The state-run Fábrica de Muñecas Yoruba at Carretera de Gibara #260 in Holguín is one of Cuba’s largest doll factories. I would venture the reason this factory qualifies as a special point of interest is that the city’s primary features are dust and heat and blind streets without traffic lights or stop signs. Nevertheless, with a couple of hours to kill before our bus connection, and having exhausted the mechanical-organ factory down the street, my boyfriend and I decided to give it a whirl. “They make the dolls by hand,” the caretaker at the organ place explained with trace excitement, “you can see everything.”
We hesitated outside, maybe because it looked so new and improbably glassy. Then the door flew open and a matronly woman popped out; with a volatile swirling of skirts and hands she swept us briskly in. I was busy wondering about her need for a wool sweater, scarf, shirt, and long wool skirt in hundred-degree weather when I noticed we were in the factory gift shop, where an astonishing two hundred or more dolls were engaged in staring at us. Dozens of prim white faces gazed out with shining black eyes and pert red mouths, while carmine and ebony lace-edged tulle spilled in rich lava flows over six large shelves.
Except for the variation in dress (shiny red or black), the dolls were identical: no diversity of size or age or skin shade. Although they claimed to be Yoruban, I couldn’t see anything African about the dolls; if anything, their old-fashioned, coquettish dresses and immaculate stillness put one in mind of languid Spanish ladies perched on the veranda of some ageless sugar plantation adrift in time.
We hedged away through the passage into the classroom-sized main part of the factory, where a young woman, about sixteen, stopped chewing her tiny whitebread sandwich and watched us. In the oceanic calm of lunch hour, we wandered through an airy room painted tranquil robin’s-egg blue. Beyond the plate-glass window, clouds of dust revolved about themselves and passed down the empty street, supposedly one of Holguín’s main drags. The stillness was so intense that looking at the seven or so sets of pliers, hammers, and wire laid haphazardly on desks you had the sense that you were somehow in a Pompeii where everyone had managed to escape. Against the far wall, stacks of cardboard boxes massed on shelves. Lower down, we could see inside the boxes: heaps of arms, legs, torsos, necks, heads entirely bone-white, heads painted only with poppy-seed eyes and flyspeck nostrils, heads complete with puckered scarlet mouths.Wire. Hair.The matronly woman came up eagerly from behind and showed us how everything assembled by presenting dolls in various half-formed stages, which tapered off into expectant wire at the wrist or waist.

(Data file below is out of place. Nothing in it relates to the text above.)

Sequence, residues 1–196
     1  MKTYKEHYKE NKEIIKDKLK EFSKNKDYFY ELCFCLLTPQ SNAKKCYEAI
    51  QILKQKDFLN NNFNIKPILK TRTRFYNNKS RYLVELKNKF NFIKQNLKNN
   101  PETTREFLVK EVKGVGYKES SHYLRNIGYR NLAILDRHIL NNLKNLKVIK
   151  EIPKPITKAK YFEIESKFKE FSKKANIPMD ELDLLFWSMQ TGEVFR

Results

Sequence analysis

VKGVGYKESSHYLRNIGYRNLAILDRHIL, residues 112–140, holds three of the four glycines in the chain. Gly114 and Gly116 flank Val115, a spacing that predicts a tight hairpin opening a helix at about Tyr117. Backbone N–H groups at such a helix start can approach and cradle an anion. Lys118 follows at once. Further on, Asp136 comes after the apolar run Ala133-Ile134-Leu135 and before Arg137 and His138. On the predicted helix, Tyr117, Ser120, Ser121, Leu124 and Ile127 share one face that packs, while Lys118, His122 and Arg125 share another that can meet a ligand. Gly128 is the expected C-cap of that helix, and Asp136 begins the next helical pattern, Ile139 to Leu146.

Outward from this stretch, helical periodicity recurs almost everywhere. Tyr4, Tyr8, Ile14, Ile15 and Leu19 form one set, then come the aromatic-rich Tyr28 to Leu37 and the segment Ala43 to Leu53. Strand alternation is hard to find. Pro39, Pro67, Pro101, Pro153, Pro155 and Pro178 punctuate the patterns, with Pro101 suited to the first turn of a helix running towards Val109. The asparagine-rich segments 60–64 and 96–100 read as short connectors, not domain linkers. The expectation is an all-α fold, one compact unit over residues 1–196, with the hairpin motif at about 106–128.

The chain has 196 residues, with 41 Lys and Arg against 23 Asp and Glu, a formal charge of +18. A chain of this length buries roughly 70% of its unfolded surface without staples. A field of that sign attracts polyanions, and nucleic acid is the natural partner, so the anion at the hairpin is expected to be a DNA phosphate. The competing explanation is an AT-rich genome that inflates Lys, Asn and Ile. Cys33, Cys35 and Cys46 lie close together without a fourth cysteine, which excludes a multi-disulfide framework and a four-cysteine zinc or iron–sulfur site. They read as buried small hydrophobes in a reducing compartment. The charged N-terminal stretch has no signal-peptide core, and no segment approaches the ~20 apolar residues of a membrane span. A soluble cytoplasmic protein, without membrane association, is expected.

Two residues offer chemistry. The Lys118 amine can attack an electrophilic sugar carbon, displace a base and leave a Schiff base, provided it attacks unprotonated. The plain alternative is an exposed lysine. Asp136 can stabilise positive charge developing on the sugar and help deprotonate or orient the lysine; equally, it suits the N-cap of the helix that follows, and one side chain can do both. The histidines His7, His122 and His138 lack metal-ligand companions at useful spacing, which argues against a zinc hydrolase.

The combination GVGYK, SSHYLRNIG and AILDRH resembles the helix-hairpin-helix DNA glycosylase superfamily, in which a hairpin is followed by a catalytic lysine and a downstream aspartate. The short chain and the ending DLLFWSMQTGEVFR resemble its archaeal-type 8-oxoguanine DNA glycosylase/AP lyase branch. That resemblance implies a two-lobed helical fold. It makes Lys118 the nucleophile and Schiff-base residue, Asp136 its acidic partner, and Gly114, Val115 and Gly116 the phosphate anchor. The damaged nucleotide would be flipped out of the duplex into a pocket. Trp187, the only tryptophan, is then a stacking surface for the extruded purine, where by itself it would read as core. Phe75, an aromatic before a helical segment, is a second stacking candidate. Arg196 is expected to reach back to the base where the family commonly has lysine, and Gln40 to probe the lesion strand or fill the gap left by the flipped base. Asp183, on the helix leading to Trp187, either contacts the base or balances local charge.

Dolls in their partial-birth stage look like a lot of things.They look like smashed crash-test dummies. They look like voodoo dolls impaled with needles, or voodoo dolls with scissored-off limbs. If they’re white, they look like bones.They might even look like the washed bones of an ossuary, where certain Christians liked to boil and keep themselves ready for the Resurrection. When you see these partial dolls by the dozens and hundreds and perhaps thousands, all these fractional Eves whose sleeping Adams donated faulty ribs or perhaps woke before their operations were entirely achieved, you get a certain destabilizing feeling.You are no longer sure if they are coming together or coming apart, and you are also not sure when these strange little shrimpy things, which somehow form a vital part of that two-way circuit which is our image of ourselves, could be called complete.With all the limbs in place? With the eyes, too? Do you need a mouth?
At the stroke of 12:30, girls in sheer striped blouses entered and sagely tucked themselves in at their desks, picking up their metal tools.Though they voiced nothing but a few polite coughs, we seemed to be in their way. Putting our prying fingers in our pockets, we headed out to the bus station.